- Thyroid cancer. Cancer is the most common reason for thyroidectomy. If you have thyroid cancer, removing most or all of your thyroid will likely be a treatment option.
- Noncancerous enlargement of the thyroid (goiter). Removing all or part of your thyroid gland may be an option for a large goiter. A large goiter may be uncomfortable or make it hard to breathe or swallow. A goiter may also be removed if it’s causing your thyroid to be overactive.
- Overactive thyroid (hyperthyroidism). In hyperthyroidism, your thyroid gland produces too much of the hormone thyroxine. Thyroidectomy may be an option if you have problems with anti-thyroid drugs, or if you don’t want radioactive iodine therapy. These are two other common treatments for hyperthyroidism.
- Suspicious thyroid nodules. Some thyroid nodules can’t be identified as cancerous or noncancerous after testing a sample from a needle biopsy. If your nodules are at increased risk of being cancerous, you may be a candidate for thyroidectomy.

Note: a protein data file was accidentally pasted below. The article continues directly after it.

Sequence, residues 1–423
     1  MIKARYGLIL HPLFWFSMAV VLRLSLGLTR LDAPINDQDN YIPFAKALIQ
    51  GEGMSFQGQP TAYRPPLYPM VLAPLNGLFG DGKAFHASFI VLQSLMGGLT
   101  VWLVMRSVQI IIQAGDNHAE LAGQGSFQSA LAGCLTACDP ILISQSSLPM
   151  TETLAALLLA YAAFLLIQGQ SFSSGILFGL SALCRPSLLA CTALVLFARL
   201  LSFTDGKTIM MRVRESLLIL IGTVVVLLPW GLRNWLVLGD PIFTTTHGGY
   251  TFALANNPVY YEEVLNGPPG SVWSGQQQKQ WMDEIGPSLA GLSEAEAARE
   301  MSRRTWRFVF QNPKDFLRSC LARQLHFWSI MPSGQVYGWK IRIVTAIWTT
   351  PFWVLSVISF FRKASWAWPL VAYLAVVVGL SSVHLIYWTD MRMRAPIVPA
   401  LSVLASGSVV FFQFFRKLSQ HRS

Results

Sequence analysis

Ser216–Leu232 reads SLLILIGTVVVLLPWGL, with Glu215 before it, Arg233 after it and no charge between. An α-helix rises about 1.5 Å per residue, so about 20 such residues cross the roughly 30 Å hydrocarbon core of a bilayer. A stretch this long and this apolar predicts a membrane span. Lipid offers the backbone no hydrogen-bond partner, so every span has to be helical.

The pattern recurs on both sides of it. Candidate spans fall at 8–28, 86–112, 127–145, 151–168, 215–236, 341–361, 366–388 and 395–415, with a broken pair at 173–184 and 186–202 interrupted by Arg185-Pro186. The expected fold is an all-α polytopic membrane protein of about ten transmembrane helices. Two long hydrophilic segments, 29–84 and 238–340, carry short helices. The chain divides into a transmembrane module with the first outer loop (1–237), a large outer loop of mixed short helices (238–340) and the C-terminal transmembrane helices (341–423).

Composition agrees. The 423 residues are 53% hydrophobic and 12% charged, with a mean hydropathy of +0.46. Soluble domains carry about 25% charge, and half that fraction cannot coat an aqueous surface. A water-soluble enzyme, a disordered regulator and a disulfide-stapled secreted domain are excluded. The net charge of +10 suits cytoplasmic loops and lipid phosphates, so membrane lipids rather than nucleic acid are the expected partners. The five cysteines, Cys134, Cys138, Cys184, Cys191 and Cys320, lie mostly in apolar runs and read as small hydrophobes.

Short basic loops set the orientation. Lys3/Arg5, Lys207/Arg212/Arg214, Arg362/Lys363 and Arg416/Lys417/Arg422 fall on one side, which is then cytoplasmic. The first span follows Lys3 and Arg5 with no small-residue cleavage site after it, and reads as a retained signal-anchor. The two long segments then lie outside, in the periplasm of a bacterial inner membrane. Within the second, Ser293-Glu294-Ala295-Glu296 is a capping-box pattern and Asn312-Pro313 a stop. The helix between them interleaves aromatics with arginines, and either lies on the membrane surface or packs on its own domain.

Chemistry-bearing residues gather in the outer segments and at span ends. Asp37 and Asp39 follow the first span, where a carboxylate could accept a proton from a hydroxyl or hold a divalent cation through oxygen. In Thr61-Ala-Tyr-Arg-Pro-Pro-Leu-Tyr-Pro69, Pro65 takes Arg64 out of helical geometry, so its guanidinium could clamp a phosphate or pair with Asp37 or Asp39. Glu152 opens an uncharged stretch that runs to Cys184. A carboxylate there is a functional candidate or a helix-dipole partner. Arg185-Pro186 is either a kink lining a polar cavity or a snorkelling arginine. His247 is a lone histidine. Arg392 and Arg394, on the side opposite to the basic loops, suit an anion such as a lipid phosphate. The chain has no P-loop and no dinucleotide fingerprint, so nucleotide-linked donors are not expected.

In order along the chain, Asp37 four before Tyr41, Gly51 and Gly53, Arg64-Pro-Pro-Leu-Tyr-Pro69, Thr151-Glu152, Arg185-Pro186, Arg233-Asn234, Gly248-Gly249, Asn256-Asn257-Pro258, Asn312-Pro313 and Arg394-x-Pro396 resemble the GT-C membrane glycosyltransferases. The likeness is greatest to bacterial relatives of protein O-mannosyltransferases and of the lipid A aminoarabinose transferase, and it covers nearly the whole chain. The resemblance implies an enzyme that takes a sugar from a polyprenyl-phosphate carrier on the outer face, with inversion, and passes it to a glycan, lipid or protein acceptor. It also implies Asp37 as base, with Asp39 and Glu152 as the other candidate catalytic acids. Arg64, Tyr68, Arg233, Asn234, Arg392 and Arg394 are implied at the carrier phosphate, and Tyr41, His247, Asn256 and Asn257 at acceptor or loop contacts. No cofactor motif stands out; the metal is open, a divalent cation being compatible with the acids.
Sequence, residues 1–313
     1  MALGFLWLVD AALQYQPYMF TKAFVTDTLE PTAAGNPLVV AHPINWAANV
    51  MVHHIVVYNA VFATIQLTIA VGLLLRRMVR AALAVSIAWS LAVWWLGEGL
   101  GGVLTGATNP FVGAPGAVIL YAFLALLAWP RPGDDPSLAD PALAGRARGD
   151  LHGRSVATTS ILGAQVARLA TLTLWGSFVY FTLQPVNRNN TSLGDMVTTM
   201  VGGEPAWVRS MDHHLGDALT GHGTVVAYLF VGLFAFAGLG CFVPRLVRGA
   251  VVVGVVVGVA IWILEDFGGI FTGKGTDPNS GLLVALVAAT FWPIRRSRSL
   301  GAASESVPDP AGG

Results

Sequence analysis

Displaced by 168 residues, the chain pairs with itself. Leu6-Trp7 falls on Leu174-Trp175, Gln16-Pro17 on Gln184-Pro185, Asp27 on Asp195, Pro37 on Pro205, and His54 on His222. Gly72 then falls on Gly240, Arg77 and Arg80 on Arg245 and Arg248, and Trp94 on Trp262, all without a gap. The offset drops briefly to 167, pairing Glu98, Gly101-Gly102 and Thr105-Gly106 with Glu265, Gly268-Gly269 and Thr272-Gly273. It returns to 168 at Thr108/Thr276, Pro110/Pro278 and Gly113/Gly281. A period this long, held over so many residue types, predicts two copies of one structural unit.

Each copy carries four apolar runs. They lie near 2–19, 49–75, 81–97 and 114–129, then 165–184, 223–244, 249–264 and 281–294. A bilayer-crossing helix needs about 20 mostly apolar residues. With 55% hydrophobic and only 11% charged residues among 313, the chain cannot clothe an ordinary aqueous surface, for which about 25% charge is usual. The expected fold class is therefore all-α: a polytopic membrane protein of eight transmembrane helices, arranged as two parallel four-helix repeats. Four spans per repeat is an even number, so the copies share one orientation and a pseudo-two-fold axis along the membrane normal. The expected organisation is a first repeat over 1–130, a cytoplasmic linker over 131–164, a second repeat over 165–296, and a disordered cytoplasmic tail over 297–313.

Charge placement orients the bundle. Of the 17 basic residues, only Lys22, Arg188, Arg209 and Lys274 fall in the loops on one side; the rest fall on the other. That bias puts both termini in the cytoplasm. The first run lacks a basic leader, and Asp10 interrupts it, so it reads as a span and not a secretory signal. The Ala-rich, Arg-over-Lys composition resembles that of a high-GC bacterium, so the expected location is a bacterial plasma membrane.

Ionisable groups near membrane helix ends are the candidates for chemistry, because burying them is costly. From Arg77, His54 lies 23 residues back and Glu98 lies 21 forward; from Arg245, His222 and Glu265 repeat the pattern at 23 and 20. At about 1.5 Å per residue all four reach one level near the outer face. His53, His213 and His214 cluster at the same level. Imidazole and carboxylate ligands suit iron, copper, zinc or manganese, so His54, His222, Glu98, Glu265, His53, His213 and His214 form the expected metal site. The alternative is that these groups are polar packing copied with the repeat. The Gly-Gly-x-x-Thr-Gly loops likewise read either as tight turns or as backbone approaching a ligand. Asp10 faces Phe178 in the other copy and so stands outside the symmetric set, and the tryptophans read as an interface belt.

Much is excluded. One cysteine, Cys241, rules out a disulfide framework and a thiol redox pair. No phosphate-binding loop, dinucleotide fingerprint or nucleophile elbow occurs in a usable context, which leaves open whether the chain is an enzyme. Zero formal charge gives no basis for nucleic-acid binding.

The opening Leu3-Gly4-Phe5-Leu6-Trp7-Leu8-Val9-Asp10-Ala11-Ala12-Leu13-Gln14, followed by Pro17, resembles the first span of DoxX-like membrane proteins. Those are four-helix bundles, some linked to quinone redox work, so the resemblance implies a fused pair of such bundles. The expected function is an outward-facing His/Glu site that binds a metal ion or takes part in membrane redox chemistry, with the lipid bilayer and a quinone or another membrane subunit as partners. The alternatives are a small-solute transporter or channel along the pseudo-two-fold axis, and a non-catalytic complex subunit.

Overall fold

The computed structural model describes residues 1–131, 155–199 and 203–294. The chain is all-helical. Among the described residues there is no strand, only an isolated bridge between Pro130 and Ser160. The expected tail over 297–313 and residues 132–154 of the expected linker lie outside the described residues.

Types of Thyroid Operations
In general, there are three types of thyroid resections:
Total thyroidectomy: removal of the entire thyroid
A total thyroidectomy may be done for a variety of diseases including thyroid cancer, Graves’ disease (See Hyperthyroidism »), multinodular goiter, and substernal goiter, among others. In certain cases, the surgeon may choose to perform a near-total thyroidectomy in which a small piece of thyroid tissue is left behind usually in the area of the parathyroid glands and recurrent laryngeal nerve in order to avoid damaging these structures. After a total thyroidectomy, patients will need to take thyroid hormone replacement pills (one pill a day for the rest of their lives).
Thyroid lobectomy (aka hemithyroidectomy): removal of half of the thyroid